Th economic data released in the U.S. last week was generally better-than-consensus expectations, including new home sales, durable goods orders and core personal consumption expenditures. First time jobless claims came in about where expected – it was another week of around 1 million Americans applying for unemployment for the first time. GDP was slightly better-than-expected in Germany, but otherwise, there wasn’t a lot of economic news last week in Europe, the U.K. or Japan.


From a political perspective, the most important news of the week was the resignation on Friday of Prime Minister Shinzo Abe of Japan due to health reasons. He has been in power since December 2012, the second longest-serving Japanese Prime Minister ever. PM Abe was close to the U.S., and also responsible for pulling Japan out of its economic funk in the first half of the decade through his accommodative economic policies referred to as “Abenomics.” However, Abe is leaving just as CV19 has caused the Japanese economy to head further south, exacerbating a decline that started in 4Q2019 (pre-CV19). In the U.S., the Republicans wrapped up their four-day convention last week, with incumbent President Trump speaking each night of the convention as the party tries to rally support against the Democratic challenger, Joe Biden. According to most polls, President Trump trails Biden although polls can be unreliable and we have over two months until the election, a period that is sure to be fraught with emotion and accusations as both parties try to appeal to the electorate in the middle.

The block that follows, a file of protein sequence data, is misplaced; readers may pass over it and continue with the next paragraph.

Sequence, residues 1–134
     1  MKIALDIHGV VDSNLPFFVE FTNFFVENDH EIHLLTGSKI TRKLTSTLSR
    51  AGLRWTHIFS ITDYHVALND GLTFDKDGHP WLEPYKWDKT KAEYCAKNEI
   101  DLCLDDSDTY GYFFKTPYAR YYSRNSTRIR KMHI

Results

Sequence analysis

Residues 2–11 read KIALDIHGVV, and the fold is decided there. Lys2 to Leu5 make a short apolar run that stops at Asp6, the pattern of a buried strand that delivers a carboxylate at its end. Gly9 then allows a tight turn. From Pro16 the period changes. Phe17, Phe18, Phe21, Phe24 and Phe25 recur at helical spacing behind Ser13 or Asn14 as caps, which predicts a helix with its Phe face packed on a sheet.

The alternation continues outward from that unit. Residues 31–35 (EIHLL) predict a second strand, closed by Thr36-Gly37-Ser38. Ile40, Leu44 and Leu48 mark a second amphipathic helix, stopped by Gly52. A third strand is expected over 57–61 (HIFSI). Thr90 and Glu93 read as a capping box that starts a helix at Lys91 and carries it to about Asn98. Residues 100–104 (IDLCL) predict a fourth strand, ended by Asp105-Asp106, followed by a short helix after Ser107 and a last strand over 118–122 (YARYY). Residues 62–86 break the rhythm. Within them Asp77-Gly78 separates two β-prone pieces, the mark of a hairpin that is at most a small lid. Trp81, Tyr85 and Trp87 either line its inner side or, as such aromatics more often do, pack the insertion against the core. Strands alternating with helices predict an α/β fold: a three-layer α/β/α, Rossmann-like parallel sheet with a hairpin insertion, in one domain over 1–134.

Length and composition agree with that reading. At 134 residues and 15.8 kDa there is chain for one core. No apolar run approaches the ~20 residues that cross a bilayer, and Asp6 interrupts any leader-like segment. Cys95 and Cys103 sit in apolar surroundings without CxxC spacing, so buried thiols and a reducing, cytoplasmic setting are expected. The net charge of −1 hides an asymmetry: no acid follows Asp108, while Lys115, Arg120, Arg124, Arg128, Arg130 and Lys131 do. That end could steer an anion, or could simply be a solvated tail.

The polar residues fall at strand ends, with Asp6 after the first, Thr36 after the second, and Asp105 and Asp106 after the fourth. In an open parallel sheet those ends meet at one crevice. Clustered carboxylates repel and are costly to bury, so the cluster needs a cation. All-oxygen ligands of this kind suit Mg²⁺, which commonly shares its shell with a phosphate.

COVID-19


Below is a table that provides an update of the cases and deaths globally from CV19. The data comes from Johns Hopkins Coronavirus Research Centre.


Both cases and deaths both rose in August, but the reality seems to be that whilst cases are increasing, they seem generally to be getting less severe and the mortality rate (as far as deaths/person infected) are falling.


The focus on resurging cases of CV19 has for now moved away from the U.S. and back towards Europe. For example, France on Friday reported the most new cases of CV19 since the peak on the pandemic in late March. To the right is a series of graphs from Bloomberg that tracks the evolution of the virus in several European countries since March, which shows the particularly alarming increases in Spain and France over the last several weeks.




Conclusion


Monday is the final bank holiday in the U.K., and markets will be closed there. There is some data economic data worth keeping an eye on this week as summer nears its end, mainly from the U.S. as unemployment (expected 9.9%) and non-farm payrolls (expected 1.55 million) will be released on Friday. This will be preceded as usual on Thursday with weekly first-time jobless claims (expected around 1 million). There are also several speeches this week from various Fed members, as the bank gears up for its next FOMC meeting September 15th-16th. Perhaps more importantly, it is time for schools to reopen in many countries. How this will affect working parents and working patterns in this time of a pandemic remains to be seen. In the U.S., there is no agreement on another round of fiscal stimulus, and in the U.K., the stimulus plan is set to expire at the end of October. As we roll into September, the possibilities of a U.K.-E.U. trade agreement look increasingly remote, too.